Apr 09

  • Brazilian Defense Minister Nelson Jobim is to sign a new defense agreement with the United States at the Pentagon on Monday. The agreement includes no bases or permanent U.S. military presence, but will streamline future cooperation. Colombian Trade Minister Luis Guillermo Plata joked that Venezuela might shut off its trade with Brazil in retaliation, as it did after Colombia signed a defense agreement with the United States – one which did include use of military bases – last October. After signing the accord with Brazil, Secretary of Defense Robert Gates is to travel next week to Colombia, Peru and Barbados.
  • In a big upcoming arms purchase, Brazil appears likely to buy Rafale high-tech fighter jets from France, instead of F-18s made by U.S. aerospace company Boeing. The deciding factor: France is willing to allow more technology transfer to Brazil.
  • Two Colombian presidential candidates, both popular former mayors and neither a part of President Álvaro Uribe’s coalition, decided to merge their candidacy this week. Antanas Mockus and running mate Sergio Fajardo now appear in second place in a poll published Friday.
  • Colombian Defense Minister Gabriel Silva says to forget about peace talks with the FARC until the group is militarily defeated. Silva’s predecessor, frontrunning presidential candidate Juan Manuel Santos, says the door is open to dialogue, but only if the FARC demonstrate “good faith and stop being terrorists.”
  • The U.S. House of Representatives is considering a resolution (H.Res. 1224) calling on Colombia to fulfill its obligations to protect indigenous and Afro-Colombian communities, and to aid the internally displaced. See a statement from the Washington Office on Latin America and a suggested action from the Latin America Working Group.
  • As Russian Prime Minister Vladimir Putin speculated that his country might sell Venezuela US$5 billion worth of weapons, the State Department questioned Venezuela’s need for these arms and expressed concern that they could end up elsewhere in the hemisphere. Venezuelan President Hugo Chávez’s response: “Don’t be stupid, Yankees.”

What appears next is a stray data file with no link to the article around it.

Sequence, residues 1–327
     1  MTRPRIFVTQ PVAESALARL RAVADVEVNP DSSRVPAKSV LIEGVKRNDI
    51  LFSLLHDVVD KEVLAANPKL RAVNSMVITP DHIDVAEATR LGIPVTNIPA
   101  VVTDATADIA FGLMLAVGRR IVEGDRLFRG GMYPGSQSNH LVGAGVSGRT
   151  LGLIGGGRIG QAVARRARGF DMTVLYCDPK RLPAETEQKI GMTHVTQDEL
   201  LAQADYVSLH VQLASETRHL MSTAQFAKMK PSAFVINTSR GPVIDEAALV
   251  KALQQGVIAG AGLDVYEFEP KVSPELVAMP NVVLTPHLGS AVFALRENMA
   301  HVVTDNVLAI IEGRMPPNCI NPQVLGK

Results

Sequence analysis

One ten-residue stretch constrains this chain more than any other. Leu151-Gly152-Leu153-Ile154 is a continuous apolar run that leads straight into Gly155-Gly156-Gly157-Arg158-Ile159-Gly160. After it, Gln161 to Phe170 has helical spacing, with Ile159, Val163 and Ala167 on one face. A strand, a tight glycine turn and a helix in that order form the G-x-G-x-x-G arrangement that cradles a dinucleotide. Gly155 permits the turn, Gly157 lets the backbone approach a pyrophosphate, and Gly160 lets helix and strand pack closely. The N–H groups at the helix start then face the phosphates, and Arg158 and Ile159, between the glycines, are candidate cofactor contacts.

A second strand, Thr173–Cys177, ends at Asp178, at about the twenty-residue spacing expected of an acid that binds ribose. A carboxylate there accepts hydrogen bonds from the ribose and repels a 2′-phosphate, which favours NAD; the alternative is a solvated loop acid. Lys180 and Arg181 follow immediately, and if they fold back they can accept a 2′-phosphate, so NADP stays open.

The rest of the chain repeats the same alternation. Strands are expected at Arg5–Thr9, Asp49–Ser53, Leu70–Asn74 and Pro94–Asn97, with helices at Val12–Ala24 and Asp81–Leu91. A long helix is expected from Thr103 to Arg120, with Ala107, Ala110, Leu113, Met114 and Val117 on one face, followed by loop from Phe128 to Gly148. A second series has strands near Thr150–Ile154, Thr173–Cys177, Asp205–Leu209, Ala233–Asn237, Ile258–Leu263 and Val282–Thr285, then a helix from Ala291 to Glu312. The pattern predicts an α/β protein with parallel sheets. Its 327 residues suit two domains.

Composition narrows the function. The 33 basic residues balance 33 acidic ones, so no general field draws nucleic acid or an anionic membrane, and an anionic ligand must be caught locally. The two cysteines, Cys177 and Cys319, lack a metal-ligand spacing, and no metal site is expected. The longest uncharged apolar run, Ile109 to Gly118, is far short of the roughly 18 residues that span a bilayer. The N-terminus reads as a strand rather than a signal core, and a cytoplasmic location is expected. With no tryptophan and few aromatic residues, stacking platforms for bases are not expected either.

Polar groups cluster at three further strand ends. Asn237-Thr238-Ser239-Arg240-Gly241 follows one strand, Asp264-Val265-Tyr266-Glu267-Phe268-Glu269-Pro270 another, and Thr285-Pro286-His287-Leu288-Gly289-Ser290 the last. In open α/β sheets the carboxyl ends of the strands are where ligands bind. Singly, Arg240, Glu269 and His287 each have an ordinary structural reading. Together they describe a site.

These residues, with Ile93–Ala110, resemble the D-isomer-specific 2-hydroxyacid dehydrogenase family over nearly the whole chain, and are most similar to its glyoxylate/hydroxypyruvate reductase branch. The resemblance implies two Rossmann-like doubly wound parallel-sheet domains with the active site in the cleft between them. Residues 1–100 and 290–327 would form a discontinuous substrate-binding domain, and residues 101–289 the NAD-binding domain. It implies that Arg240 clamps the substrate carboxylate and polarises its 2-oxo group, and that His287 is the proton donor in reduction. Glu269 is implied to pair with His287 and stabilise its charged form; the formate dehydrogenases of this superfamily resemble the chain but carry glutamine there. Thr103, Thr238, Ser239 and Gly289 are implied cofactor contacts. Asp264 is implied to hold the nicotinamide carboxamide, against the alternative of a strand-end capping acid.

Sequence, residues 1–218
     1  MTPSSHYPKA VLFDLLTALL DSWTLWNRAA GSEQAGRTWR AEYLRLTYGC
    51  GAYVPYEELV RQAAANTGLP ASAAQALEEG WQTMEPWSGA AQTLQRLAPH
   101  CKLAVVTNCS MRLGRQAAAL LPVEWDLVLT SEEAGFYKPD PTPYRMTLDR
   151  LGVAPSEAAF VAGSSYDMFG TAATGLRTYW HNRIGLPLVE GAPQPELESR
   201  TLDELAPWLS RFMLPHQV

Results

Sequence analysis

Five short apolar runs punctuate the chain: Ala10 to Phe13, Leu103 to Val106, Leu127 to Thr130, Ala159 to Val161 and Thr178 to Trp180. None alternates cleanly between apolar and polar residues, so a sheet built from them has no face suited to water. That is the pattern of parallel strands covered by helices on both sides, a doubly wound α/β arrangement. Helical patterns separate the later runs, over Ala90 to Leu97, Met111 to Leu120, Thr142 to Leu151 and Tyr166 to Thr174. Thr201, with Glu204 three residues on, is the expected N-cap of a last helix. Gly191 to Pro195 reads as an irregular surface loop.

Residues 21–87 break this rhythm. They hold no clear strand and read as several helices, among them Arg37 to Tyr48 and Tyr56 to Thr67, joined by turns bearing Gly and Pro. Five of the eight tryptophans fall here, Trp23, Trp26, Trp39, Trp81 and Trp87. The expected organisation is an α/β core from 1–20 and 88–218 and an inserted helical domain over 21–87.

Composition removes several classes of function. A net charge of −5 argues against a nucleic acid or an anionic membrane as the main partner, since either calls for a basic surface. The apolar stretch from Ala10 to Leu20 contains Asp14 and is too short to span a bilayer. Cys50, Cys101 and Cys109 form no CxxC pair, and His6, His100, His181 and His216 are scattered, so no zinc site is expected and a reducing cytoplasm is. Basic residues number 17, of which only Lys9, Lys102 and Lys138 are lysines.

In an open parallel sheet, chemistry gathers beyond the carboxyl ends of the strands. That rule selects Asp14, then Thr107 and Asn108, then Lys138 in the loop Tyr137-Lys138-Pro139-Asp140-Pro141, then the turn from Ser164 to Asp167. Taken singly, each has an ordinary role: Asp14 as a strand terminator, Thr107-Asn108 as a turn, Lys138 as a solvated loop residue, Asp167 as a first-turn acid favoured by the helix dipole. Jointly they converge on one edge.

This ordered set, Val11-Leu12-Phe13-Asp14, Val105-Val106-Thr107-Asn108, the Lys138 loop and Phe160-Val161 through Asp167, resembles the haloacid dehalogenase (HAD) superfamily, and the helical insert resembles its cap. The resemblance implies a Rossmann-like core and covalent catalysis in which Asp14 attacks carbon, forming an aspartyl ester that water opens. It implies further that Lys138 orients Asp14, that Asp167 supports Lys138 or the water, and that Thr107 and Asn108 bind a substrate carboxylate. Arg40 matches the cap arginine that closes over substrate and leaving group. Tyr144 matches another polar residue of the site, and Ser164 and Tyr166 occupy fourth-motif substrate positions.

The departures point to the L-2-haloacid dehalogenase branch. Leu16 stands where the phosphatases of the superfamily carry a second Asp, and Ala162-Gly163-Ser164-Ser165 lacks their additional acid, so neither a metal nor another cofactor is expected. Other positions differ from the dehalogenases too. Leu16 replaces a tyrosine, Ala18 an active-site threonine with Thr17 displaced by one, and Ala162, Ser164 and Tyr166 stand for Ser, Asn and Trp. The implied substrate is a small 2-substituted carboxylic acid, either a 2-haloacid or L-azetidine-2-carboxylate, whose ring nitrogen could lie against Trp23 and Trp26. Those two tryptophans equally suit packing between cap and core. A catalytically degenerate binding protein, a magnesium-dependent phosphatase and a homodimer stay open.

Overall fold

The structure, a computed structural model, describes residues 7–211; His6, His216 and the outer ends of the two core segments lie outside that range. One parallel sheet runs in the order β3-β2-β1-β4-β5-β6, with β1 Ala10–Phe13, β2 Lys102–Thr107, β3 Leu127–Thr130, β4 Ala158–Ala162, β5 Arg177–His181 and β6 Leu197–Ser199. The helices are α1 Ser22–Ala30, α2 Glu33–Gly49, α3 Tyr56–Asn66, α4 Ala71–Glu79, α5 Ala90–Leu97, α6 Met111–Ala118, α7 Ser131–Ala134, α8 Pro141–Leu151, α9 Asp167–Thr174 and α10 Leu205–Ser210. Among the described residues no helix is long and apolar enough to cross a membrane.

• Czech playwright and ex-president Vaclav Havel published a column condemning the arrest of Venezuelan opposition politician Oswaldo Álvarez Paz, “because it demonstrates just how far President Hugo Chávez’s regime is willing to stray from democratic norms.” The New York Times ran a harrowing account of María Lourdes Afiuni, a Venezuelan judge who, after issuing a ruling that displeased President Chávez, was jailed in a cell near more than 20 inmates whom she had sentenced. She is still there.
  • Bolivia held mayoral and gubernatorial elections last Sunday. President Evo Morales’ MAS party performed well, but not as strongly as expected. Morales called for an investigation of electoral authorities in regions where the MAS lost. Good analyses from Miguel Centellas and the Andean Information Network.
  • In Chile, the Group of Relatives of the Detained Disappeared (AFDD) put out a statement questioning some of President Sebastián Piñera’s appointments and statements for their “authoritarian overtones.”
  • In Peru, six artisanal miners have died after clashes with police. The miners were protesting government efforts to restrict unregulated gold mining. Human Rights Watch called for an investigation of the incident.
  • The publisher of the Mexican magazine Proceso has come under fire for paying a clandestine visit to top narcotrafficker Ismael Zambada, having his picture taken with him and giving him a softball interview.
  • In my considered opinion, the second episode of “Isla Presidencial” is funnier than the first.